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The End of An Industrial Era:
Cheap Imports Mean 'Made In Iraq' Is Disappearing

Ammar al-Saleh
Almost half of Basra's smaller manufacturers have closed in the face of a market flooded with cheap imports. Yet due to the current financial crisis and sinking oil prices, they are more important than ever.
29.10.2015  |  Basra
Made in Iraq: Cigarette packet from the Iraqi State Tobacco Company.
Made in Iraq: Cigarette packet from the Iraqi State Tobacco Company.

Today Basra woodworker, Haj Karim Nasser, is taking apart what remains in his workshop. He will sell everything that's left. Nasser has made furniture here for around 25 years. The smell of wood dyes and wood shavings permeates the space. But Nasser, who has had to close up and lay off 25 staff, has become just another of the latest victims of the open market policies pursued in Iraq since 2003. Nasser now will now work selling foreign exchange in one of Basra's markets.

“We just couldn’t compete with the cheap, imported stuff,” Nasser told NIQASH. The cost of producing a bedroom suite in our workshop was around US$1,600 and we'd sell it for US$2,000. But you can get Malaysian-made suites here for about US$1,250. The quality is not comparable. But for many people here the cost was more important than the quality.”

In Basra, hundreds of similar business, small workshops and factories have had to close. According to Basra's Union of Industrialists there used to be about 15,360 industrial operations in the province, in around 13 industrial areas, producing a wide variety of products. Between now and 2003 around half of these have been forced to close thanks to a lack of government support, high taxes on raw materials and a market flooded with cheap competitors from outside Iraq, they say. A number of government-run factories in Basra which produced iron, steel, paper and fertilizer, were also shut down, which led smaller businesses who used to get their raw materials from these, to shut too.

“The way that the market in Basra has been flooded by cheap clothing has led to the closure of around 70 local businesses, including sewing workshops run by local women,” says Sajad Salman, who lobbies on behalf of local businesses. Often goods are sold at higher prices in their countries of origin than they are in Iraq, Salman argues. “So how do these products sell for something like US$2 when there's a border tax and shipping fees?”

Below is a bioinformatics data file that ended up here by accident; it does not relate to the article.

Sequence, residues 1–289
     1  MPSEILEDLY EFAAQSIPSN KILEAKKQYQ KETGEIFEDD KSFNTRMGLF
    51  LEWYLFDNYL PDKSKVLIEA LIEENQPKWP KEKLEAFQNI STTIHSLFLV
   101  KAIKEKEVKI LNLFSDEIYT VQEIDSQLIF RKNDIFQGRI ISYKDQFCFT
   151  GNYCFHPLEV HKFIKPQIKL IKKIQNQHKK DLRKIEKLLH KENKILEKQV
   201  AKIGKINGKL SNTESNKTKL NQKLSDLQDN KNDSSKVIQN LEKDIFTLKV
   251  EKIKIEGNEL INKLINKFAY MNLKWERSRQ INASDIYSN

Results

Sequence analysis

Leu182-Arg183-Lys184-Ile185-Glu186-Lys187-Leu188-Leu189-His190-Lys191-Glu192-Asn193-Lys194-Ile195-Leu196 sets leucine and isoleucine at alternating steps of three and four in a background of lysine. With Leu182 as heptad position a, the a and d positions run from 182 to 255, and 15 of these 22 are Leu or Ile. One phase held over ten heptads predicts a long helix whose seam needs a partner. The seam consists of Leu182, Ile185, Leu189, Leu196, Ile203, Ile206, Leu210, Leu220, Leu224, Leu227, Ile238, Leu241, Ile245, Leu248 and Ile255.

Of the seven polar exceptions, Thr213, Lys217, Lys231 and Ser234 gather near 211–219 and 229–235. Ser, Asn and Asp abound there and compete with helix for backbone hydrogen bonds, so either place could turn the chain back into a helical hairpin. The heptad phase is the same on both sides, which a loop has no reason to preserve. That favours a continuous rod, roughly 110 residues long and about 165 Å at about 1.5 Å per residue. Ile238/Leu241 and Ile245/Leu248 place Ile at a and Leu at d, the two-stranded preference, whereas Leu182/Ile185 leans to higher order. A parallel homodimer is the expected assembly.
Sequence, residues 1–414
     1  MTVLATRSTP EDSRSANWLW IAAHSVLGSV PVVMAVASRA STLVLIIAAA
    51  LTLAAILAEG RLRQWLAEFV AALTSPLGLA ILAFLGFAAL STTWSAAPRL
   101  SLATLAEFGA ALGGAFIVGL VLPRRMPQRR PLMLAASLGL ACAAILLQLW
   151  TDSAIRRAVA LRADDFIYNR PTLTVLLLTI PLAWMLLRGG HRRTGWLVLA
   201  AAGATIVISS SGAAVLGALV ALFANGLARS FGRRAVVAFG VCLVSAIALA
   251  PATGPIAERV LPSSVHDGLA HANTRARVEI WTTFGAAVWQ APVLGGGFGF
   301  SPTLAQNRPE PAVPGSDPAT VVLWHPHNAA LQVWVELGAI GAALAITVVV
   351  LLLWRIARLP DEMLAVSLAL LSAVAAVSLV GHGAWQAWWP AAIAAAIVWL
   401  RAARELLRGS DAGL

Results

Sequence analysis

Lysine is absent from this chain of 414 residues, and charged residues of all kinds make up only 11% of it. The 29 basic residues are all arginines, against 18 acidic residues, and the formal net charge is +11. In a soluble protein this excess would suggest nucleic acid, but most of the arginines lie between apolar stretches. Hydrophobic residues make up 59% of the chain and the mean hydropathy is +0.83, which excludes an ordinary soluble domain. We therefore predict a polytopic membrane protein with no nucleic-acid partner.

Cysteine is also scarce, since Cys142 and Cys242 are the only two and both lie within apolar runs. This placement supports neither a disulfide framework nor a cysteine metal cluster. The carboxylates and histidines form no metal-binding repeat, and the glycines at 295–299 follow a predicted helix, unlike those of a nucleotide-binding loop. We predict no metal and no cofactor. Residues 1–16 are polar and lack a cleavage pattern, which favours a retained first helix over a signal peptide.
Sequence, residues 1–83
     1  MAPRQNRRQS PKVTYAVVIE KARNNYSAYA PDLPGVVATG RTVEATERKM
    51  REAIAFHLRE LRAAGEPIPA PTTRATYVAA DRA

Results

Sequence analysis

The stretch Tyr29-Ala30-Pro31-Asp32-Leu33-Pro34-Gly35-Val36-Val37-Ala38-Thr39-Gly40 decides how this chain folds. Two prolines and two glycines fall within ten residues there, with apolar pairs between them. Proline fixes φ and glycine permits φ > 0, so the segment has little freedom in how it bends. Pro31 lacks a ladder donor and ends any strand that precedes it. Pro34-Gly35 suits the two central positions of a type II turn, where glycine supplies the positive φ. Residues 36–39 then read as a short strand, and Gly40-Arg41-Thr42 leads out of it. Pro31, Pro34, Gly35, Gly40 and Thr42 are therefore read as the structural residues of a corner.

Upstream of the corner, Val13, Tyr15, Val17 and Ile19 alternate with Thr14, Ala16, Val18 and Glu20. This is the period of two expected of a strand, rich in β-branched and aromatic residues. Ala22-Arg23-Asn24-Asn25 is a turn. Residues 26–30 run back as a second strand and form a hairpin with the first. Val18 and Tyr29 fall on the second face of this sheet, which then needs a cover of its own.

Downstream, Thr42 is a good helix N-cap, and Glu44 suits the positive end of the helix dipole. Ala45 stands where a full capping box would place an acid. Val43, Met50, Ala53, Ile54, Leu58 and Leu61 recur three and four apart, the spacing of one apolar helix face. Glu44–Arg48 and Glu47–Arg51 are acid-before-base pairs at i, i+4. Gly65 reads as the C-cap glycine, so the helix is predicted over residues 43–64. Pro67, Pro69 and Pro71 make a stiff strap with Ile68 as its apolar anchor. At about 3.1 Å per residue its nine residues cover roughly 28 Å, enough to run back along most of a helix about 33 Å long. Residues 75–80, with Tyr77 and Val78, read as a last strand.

There are no laws to protect the domestic market and we are being flooded with cheap imports, agrees Majid Rashak, who heads the Basra Union of Industrialists. “There is no plan to develop industry in Basra, there's no plan to regulate industrial areas here nor are there any plans to help those people who have been made redundant or who have retired from private industry,” Rashak complains. “Nor have there been any commitments by international companies to employ local workers if they are setting up in Basra.”

Rashak confirms that since 2003 about half of all the private plants and workshops in Basra have closed and that thousands of workers have been laid off. Numbers gathered by the Basra Investment Commission, a body tasked with encouraging investment in the province, indicate that almost half of all economically active locals are employed by the government; that is equal to almost a quarter of all individuals living in Basra. And the same Commission expects the province to become one of the most important economic areas in the whole Middle East – Basra has some of the country's largest oil fields and it's only ports as well as a strong agricultural sector.

However the recent decrease in global oil prices has had a detrimental impact on Iraq's economy, where the budget was predicated on oil remaining at a certain, higher price. This shortfall together with the expensive security crisis means the government is less able to support local industry. Many local analysts believe that the country should be developing sectors other than oil in order to overcome these issues.

“The government could help with this,” says Nabil Jaafar Abdul Redha, a professor of economics at the University of Basra. “By exempting raw materials used by the private sector from duties or by reducing their taxes so that local companies can better compete with international ones. It also needs to protect local emerging industries from international competition. It could do all this by making rules about the kinds of materials allowed into Iraq, ensuring they conform to certain standards.”

Potential investors and small local businesses also face plenty of other problems – the scarcity of land, the deterioration in infrastructure, problems with transport and power, high interest rates on loans and the lack of trust in Iraq's never-quite-stable banking sector. Although Basra is fairly safe, the ongoing national security crisis is obviously also causing issues around things like transport into other areas, the availability of materials from elsewhere in the country and the potential for employees to go into certain, unsafe areas.

Many small businesses are not particularly tech-savvy either, Abdul Redha notes. “Only around 22 percent use computers and only about 9 percent have the Internet,” he told NIQASH.

Additionally many of the small and medium-sized businesses in Basra are not formal companies and this also causes problems when it comes time to access more technology, skilled labourers or federal funding. “And this leads to corrupt and non-competitive practises,” Abdul Redha concludes.

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